Blog Reflection.

Throughout the process of studying BCM288, I have come up with a range of topics which provide me with a comprehensive knowledge about transnational media and culture. In this blog, I will briefly summary my understanding achieved from the course.

First of all, I have understood the meaning of this field of study to media audiences. This is the era where communication is so developed that people are no longer want to stay solely within their native culture and network anymore. Beyond that, they want to approach a range of different cultures and perspectives. Therefore, it is witnessed that different types of media with various content and origins are being enjoyed by audiences with diverse backgrounds. MasterChef, an Australian series creating a huge wave in India or If you are the one, a Chinese dating reality show being famous in Australia are several dominant examples. This phenomenon sets the foundation for ‘intercultural communication’, in which media content is able to approach a massive and diverse amount of audience by conveying universal values. It is understandable because according to Rohn 2009, universal values ‘can be detached from any culture’.

Credit: Photobucket.

Secondly, knowledge about transnational culture and media is also beneficial for media producers. Due to the fact that audiences are looking for transnational media product, producers have to seek ways to satisfy that demand. As a result, cooperative events such as film festivals are established to provide producers with chances to meet, interact and exchange ideas (Stringer 2001). These kinds of events also promote co-production, which can be understood as the collaboration of producers to create hybrid products once they have achieved a common understanding. Film festivals varies from large and broad events namely Cannes, Berlin or London film festivals to small and centralized ones in Busan or Istanbul. Moreover, co-production can also attract government’s investment on cultural and media industries as producers are able to show their potential by working together (Kwon and Kim 2013).


Finally, I am taught to overcome barriers to be a part of cosmopolitanism. According to McLuhan 1964, with the help of technology and the Internet, the world is transitioning into a ‘global village’ where global citizens communicate across barriers. Stated by Waldron 2000, cosmopolitanism is when “all human beings belong to a single community”. Therefore, the Internet and other digital communication tools are providing me with not only opportunities but also responsibility to know, sympathize and support what is happening around me in a large scale. Wider news coverage about world issues raises the awareness of people about being more updated to be able to realize, understand, maintain what is good and fix what is not.  Virtual cosmopolitanism is a great movement for young people to turn social media practices, which used to be considered daily activities, into something really meaningful by broadening their network, achieving cultural understanding and forming new ‘third cultures’ (McEwan and Sobre-Denton, 2011).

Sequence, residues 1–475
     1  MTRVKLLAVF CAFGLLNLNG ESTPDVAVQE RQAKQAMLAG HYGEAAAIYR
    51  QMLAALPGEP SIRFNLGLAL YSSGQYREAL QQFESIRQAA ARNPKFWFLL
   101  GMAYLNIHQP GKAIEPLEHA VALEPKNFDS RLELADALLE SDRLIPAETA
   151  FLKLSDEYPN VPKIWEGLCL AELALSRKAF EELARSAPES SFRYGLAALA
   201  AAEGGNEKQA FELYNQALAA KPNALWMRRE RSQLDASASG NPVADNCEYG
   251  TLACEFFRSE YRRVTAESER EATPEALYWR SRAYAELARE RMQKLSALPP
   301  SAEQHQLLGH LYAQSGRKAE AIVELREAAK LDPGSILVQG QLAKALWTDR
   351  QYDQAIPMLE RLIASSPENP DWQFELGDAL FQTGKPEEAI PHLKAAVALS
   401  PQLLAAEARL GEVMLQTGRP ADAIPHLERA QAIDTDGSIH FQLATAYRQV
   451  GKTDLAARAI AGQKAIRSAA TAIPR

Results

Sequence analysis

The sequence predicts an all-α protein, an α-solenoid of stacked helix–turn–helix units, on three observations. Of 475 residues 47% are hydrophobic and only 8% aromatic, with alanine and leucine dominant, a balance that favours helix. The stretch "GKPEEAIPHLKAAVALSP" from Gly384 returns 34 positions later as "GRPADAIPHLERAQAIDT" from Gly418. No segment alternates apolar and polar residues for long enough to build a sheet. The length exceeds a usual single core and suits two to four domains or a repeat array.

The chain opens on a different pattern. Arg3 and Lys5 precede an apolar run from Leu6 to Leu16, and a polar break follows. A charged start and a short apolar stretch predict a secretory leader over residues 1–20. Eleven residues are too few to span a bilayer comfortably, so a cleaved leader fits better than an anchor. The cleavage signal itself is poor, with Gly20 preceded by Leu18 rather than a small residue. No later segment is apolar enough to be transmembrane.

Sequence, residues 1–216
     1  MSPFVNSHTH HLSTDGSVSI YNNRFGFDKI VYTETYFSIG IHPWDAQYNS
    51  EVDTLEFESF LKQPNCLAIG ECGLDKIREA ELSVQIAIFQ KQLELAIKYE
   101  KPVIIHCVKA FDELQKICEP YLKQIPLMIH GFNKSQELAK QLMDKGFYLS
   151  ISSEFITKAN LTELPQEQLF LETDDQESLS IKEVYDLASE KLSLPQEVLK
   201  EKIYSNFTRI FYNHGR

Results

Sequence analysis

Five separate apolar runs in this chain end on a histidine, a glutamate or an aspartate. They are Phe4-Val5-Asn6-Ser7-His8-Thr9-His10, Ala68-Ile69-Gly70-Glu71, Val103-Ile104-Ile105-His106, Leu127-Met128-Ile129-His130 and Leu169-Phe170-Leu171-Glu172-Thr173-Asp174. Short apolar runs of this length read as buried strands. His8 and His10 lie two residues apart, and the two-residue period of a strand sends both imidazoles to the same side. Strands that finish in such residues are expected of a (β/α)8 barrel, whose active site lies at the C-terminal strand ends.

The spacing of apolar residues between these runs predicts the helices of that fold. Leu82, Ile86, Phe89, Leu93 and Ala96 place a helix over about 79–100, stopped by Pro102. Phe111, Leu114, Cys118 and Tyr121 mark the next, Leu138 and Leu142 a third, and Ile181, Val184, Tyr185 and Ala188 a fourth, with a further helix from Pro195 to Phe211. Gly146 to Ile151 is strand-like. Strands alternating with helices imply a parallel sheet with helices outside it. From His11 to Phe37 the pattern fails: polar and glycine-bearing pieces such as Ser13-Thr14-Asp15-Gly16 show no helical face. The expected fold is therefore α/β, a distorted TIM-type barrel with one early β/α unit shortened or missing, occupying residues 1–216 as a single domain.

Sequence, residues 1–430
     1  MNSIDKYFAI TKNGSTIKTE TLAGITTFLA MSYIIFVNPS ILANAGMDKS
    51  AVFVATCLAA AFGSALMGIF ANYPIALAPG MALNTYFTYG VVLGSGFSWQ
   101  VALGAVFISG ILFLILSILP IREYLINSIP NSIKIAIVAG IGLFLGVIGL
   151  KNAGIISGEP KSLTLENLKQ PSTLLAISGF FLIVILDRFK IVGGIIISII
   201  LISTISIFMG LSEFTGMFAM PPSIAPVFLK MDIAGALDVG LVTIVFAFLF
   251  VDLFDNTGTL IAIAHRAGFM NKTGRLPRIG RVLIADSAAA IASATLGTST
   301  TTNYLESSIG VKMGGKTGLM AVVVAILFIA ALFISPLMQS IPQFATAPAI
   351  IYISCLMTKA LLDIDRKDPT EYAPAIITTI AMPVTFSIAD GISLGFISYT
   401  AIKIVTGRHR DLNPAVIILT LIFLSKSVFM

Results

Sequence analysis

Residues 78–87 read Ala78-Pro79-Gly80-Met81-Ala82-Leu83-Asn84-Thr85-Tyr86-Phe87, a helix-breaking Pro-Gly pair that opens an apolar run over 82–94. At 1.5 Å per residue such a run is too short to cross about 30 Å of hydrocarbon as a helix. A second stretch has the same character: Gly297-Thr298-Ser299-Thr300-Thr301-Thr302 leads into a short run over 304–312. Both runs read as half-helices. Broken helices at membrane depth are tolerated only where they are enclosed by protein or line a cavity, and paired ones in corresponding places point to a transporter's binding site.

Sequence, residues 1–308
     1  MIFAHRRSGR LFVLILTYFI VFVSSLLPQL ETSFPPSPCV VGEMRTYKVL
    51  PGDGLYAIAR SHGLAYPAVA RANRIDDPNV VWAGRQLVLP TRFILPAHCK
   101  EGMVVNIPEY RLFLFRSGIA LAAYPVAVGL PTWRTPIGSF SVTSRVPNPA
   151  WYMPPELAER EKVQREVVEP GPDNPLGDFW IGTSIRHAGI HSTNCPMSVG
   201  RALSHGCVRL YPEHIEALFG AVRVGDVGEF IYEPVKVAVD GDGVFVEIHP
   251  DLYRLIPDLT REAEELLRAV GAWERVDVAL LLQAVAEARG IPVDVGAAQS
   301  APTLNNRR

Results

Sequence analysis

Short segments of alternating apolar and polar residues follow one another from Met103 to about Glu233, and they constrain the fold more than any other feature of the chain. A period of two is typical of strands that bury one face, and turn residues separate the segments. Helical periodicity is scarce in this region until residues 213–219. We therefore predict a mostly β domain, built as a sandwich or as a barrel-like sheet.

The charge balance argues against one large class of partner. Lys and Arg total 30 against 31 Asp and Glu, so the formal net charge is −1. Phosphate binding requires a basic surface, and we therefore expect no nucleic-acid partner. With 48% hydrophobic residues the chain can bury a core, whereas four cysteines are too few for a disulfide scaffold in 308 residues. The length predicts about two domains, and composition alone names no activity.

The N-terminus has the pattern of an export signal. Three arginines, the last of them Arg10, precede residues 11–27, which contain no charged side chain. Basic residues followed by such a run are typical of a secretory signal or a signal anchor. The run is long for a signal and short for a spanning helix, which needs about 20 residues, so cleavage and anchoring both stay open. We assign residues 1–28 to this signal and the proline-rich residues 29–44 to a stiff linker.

To conclude, studying BCM288 allows me to understand the importance of transnational media and culture, which is essential to me as a person and in my future career working in the field of media. The subject raises my awareness that although there are still gaps and challenges in co-production or media piracy, the benefits of being actively engaged with intercultural practices to be a cosmopolitan and a global citizen are still significant.


Kwon, S H and Kim, J 2013, ‘From censorship to active support: The Korean state and Korea’s cultural industries’, The Economic and Labour Relations Review, 24(4), pp.517-532.

McEwan, B and Sobre-Denton, M, 2011, Virtual cosmopolitanism: ‘Constructing third cultures and transmitting social and cultural capital through social media’, Journal of International and Intercultural Communication, 4(4), pp.252-258.